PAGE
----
Only 45% of girls in northern Nigeria attend school – UNICEF
By Olaleye Aluko, Abuja.
November 2, 2018
The United Nations International Children’s Emergency Fund has expressed concern over the increasing out-of-school population in Nigeria, stating that only 45 per cent of girls in northern Nigeria are enrolled in schools.
The agency said that poverty, early marriage and cultural beliefs were some of the factors that worsened the out-of-school children statistics in Nigeria, with the north accounting for 69 per cent of the 13.2 million out-of-school children.
A UNICEF Communications Specialist, Mr Geoffrey Njoku, stated this during a media conference held on Tuesday in Kano State to raise awareness for out-of-school children in the country.
Citing a Multiple Indicator Cluster Survey data report, Njoku said the North-East and the North-West states had a female primary attendance ratio of 44 per cent and 47 per cent, respectively.
“It means that more than half of primary school aged girls are not in school and the average for both the North-East and North-West is 45 per cent,” he said.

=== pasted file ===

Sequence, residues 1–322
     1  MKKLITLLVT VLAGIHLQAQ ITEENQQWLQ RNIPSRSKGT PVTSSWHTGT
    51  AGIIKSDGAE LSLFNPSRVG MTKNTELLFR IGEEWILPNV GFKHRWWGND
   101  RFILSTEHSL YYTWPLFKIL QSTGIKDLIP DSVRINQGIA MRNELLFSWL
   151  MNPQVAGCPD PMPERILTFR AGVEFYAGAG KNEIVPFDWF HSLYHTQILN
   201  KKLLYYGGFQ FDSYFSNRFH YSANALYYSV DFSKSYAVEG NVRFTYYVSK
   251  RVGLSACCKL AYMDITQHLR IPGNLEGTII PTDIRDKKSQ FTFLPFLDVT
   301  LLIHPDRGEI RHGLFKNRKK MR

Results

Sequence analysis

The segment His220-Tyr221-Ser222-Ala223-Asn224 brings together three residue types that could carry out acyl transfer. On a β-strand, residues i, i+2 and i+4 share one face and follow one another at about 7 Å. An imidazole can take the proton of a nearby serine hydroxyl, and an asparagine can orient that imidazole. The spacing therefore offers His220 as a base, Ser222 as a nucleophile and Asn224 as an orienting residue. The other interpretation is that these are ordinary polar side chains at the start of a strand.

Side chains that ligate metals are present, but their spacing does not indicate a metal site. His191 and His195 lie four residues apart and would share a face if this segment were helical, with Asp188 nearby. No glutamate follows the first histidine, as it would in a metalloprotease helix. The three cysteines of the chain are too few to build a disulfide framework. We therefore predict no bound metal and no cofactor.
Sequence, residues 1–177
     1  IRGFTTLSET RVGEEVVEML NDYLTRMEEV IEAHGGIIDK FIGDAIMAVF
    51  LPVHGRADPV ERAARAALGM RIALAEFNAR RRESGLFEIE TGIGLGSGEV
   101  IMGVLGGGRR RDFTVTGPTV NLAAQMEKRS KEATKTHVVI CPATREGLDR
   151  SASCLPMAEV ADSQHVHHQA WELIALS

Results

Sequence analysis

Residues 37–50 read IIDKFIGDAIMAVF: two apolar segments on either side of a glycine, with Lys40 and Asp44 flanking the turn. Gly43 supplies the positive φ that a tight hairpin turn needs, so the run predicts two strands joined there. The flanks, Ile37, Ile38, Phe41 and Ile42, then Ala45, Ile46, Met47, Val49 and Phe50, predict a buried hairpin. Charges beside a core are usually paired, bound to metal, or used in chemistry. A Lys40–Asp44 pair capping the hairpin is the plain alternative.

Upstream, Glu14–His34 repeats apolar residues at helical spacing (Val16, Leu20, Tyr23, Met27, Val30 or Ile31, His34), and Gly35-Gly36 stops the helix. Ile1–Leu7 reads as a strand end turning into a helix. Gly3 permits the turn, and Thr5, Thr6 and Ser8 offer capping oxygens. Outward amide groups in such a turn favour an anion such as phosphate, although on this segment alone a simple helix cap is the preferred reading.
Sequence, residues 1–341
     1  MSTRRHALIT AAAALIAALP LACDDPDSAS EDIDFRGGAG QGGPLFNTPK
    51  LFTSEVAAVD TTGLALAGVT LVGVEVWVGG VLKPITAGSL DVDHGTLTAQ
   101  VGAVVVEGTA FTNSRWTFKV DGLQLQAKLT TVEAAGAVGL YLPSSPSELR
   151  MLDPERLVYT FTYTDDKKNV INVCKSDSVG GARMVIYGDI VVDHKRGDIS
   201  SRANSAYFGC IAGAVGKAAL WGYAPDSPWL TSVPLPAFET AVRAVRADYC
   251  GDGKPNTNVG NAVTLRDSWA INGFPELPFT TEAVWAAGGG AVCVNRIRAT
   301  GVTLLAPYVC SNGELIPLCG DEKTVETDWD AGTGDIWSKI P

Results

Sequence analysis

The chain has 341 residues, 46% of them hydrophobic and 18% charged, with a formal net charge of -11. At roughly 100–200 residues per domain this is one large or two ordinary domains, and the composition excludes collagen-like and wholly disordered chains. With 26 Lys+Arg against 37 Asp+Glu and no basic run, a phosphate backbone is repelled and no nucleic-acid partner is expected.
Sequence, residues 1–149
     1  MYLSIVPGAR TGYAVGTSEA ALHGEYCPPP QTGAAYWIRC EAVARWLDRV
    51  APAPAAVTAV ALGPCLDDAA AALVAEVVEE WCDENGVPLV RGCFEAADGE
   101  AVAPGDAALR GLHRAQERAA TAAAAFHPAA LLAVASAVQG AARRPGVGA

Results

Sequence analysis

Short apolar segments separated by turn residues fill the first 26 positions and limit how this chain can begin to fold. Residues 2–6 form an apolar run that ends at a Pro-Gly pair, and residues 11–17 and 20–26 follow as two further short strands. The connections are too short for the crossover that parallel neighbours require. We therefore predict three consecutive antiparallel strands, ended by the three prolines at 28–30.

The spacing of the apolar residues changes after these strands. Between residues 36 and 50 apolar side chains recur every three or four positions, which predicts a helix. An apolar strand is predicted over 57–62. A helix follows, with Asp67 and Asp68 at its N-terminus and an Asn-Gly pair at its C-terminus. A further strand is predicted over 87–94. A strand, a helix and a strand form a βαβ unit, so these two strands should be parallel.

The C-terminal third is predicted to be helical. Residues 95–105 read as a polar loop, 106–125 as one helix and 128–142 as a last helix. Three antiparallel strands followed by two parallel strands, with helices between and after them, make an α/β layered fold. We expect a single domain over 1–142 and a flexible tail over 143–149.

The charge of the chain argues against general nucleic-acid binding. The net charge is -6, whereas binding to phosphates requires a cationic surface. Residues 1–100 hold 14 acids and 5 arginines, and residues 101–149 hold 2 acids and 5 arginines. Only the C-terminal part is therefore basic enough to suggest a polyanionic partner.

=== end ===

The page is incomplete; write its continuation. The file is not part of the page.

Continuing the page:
He also noted that the survey data showed that 69 per cent of the out-of-school children in Nigeria live in the northern states, while the North-East has the largest number population.
“With this number, Nigeria accounts for more than one in five out-of-school children globally and 45 per cent of out-of-school children in West Africa.
“Within the huge number of out-of-school children, girls are in the majority especially in northern Nigeria. Gender is an important factor in the pattern of educational marginalisation. The dimensions to this problem are that in Nigeria, the political will is weak and there is no full implementation of the Universal Basic Education Act of 2004 and other education policies.
“There are also poor learning outcomes complicated by uncommitted and absent teachers, overcrowded classrooms and a poor learning environment. Many parents and guardians see schooling as a waste of time as their children are not learning – even to read and there is no link to livelihoods and the desired improvement in the lives of their children.
“Poverty-related reasons are cited as the most important determining factors why children are not in school. Parents and children from poor households struggle to meet the demands of direct and indirect costs of education,” he said.
Also, the Head, Child Right Information Bureau at the Federal Ministry of Information and Culture, Mr Olumide Osayinpeju, said the Federal Government would continue to put infrastructure in place to address the situation.